referendum group had taken the CEC to court over its lack of 
progress.  On December 11, the Pechersk Court ruled that the 
CEC must make a decision on the validity of the signatures. 
7.  (C)  On December 29, the CEC held an open session at 
which it declared that 4,431,674 signatures of the total 
4,656,182 collected in support of the nationwide referendum 
were valid.  Under the law, three million valid signatures 
collected in no fewer than two thirds of all the oblasts 
(regions), with no fewer than 100,000 signatures in each of 
these oblasts, are required to request a referendum.  The CEC 
announced that it would send its referendum protocol 
attesting to the validity of the signatures to the President. 
 All CEC members signed the protocol. 
Next Steps: the Buck Stops with the President? 
--------------------------------------------- - 
8. (C) CEC Secretary Dubovyk warned a USAID NGO partner on 
December 21 that the CEC would probably have to make its 
decision on the referendum petition soon.  Once the CEC 
formally validated the signatures and accepted the petition, 
it would have to write a referendum protocol and forward it 
to President Yushchenko.  Current law stipulates that the 
President can either approve it and set a date or decline to 
announce a referendum.  Davydovych told the Ambassador that 
there was no time limit for Yushchenko's decision on whether 
to hold the referendum.  However, if he were to approve the 
holding of a referendum, it would have to be conducted within 
120 days of his decision. 
9. (SBU) There are several remaining legal avenues to delay 
the process.  On December 26, Davydovych appealed the 
Pechersk ruling to the Kyiv Court of Appeals.  The CEC also 
asked a district court in Rivne to examine the validity of a 
small sample of signatures in favor of the referendum to 
address the forgery concerns.  Several experts said that 
Yushchenko could also appeal the referendum law to the 
Constitutional Court, arguing that because the 1991 
referendum law predates the 1996 Constitution, there was no 
constitutional legislation to guide the process.  Such an 
appeal could effectively tie the issue up for months, given 
the backlog that the Court faces. 
Anti-NATO Forces Turn Up the Political Heat 
10. (SBU) Pressure has been building over the past few months 
for the CEC to issue a decision on the referendum.  SDPU(o) 
publicly appealed on December 25 to the OSCE and PACE to help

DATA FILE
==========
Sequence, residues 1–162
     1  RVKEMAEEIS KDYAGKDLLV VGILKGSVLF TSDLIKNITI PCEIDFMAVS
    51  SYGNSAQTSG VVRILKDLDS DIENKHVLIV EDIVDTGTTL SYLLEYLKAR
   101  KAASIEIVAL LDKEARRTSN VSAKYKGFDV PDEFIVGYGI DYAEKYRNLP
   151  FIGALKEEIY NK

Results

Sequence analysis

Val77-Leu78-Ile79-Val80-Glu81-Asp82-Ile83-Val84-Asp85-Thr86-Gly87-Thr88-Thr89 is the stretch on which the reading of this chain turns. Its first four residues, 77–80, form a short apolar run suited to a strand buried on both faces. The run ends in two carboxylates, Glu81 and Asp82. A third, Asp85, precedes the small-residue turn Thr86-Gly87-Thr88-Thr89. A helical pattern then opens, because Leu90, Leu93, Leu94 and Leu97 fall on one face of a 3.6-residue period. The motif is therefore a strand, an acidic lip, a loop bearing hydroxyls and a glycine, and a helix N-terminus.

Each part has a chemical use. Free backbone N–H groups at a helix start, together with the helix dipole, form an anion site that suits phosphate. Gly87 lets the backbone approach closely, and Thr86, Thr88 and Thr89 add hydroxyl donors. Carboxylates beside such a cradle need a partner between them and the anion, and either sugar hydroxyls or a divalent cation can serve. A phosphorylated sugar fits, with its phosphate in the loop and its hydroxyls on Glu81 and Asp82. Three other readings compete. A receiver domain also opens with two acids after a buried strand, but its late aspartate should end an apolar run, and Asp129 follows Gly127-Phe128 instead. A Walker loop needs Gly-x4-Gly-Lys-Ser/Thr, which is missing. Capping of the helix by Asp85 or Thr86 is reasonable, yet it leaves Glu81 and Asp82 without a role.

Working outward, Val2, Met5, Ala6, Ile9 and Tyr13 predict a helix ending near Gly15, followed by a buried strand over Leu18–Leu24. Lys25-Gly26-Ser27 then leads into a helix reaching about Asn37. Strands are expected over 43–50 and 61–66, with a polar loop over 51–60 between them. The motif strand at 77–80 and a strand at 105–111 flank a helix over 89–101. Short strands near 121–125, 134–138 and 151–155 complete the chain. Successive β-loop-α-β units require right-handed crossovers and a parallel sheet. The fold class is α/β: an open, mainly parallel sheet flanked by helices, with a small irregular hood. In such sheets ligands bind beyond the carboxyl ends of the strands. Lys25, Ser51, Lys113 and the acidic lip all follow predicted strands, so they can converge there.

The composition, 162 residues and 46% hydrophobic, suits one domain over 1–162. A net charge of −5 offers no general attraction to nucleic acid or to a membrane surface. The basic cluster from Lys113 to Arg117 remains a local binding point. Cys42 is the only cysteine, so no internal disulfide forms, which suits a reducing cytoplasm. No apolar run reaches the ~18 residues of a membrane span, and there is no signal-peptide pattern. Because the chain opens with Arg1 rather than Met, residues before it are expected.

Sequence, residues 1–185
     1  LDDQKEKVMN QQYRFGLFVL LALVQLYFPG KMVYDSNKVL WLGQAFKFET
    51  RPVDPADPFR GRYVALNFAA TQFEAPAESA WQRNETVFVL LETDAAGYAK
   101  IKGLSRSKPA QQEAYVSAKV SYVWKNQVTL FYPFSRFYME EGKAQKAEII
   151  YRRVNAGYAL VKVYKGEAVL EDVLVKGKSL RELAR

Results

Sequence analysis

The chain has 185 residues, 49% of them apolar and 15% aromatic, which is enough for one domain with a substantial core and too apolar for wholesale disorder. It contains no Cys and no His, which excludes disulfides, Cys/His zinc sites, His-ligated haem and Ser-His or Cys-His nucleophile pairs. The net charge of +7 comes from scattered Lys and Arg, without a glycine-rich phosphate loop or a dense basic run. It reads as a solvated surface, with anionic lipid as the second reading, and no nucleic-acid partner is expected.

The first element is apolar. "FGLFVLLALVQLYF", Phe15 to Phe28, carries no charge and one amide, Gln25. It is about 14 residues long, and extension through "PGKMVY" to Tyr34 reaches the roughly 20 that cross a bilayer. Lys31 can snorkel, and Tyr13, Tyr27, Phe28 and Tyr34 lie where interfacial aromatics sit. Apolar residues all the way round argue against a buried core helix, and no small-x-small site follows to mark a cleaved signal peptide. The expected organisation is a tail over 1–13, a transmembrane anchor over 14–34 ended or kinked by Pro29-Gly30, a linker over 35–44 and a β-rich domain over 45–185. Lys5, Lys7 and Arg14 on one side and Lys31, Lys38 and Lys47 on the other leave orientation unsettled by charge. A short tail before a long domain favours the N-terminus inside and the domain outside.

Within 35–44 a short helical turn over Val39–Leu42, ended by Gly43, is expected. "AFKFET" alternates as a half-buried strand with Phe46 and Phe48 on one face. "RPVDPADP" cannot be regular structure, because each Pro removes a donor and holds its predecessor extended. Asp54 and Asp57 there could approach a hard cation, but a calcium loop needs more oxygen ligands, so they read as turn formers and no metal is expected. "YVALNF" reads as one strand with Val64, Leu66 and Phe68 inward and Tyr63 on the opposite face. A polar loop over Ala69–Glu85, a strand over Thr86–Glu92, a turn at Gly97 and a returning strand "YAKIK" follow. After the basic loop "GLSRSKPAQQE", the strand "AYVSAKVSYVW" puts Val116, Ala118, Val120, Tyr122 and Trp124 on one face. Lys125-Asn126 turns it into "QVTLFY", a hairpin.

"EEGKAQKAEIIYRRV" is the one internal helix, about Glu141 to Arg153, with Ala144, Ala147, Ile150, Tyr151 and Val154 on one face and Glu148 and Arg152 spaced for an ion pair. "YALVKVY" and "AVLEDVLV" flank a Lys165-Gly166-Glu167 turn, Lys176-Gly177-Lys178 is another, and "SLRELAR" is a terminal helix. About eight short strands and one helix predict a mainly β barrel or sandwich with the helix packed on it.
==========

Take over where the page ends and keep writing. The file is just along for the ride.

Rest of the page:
ensure that the referendum would be conducted in 2007. 
Former CEC chairman and current adviser to PM Yanukovych 
Ryabets said December 26 that he was filing a lawsuit against 
Davydovych for disgracing the CEC.  In addition, on December 
15, three Regions MPs registered a bill stating that the 
December 8, 2004 dismissal of the CEC under Chairman Kivalov, 
in the wake of Kivalov declaring Yanukovych President, was 
illegal; they registered a second bill on December 18 
maintaining that the new CEC under Davydovych was appointed 
illegally.  (note: in fact, then President Kuchma dismissed 
the Kivalov CEC and the Rada approved the dismissal and the 
reconstituted CEC in line with proper procedures). 
Amending the Referendum Law 
11. (C) Another issue that will have to be addressed is the 
existence of flaws in the current referendum law, adopted in 
1991.  Currently, the only  draft bill on amending the law 
was tabled by radical Regions MP Kushnaryov.  Davydovych said 
that Kushnaryov,s draft leaves many questions unanswered and 
a number of provisions do not meet international standards 
and norms.  A panel of experts on December 21 said that 
unaddressed issues included: who would fund referenda; how 
voting commissions would be formed; how to ensure there would 
be no multiple voting; the lack of guidelines for campaigning 
for or against an issue; and a way to differentiate between 
binding and nonbinding referenda.  The general consensus of 
the roundtable was that holding a referendum under these 
conditions could add to current political tensions. 
CEC Politics at Play 
12. (C) According to the USAID NGO partner, CEC Secretary 
KYIV 00004679  003 OF 003 
Dubovyk was highly critical of the President's team for 
having not yet done anything to "torpedo" the NATO/SES 
referendum.  The CEC, to his mind, had given the Secretariat 
eight months to find a way to stop the referendum, which 
could have included conducting investigations into whether 
the signatures had been collected legally and without duress 
or fraud, but they had done nothing.  At the end of the day, 
the CEC would be legally compelled to certify the signatures; 
it would then be up to Yushchenko to decide how to proceed. 
13. (C) Comment: Yushchenko's non-interference is in keeping 
with his pledge during the 2006 parliamentary and local 
elections not to interfere in the procedural process, a 
pledge which he kept.  Yatsenyuk told the Ambassador on 
December 29 not to worry about the court ruling that 
compelled the CEC to take action.  The President's team 
understood that the push for an early referendum was a demand 
of the Kremlin, fed through Medvedchuk and adviser to the 
Prime Minister Lyovochkin, but that the President would not 
let it happen anytime soon.  End comment. 
14. (U) Visit Embassy Kyiv's classified website: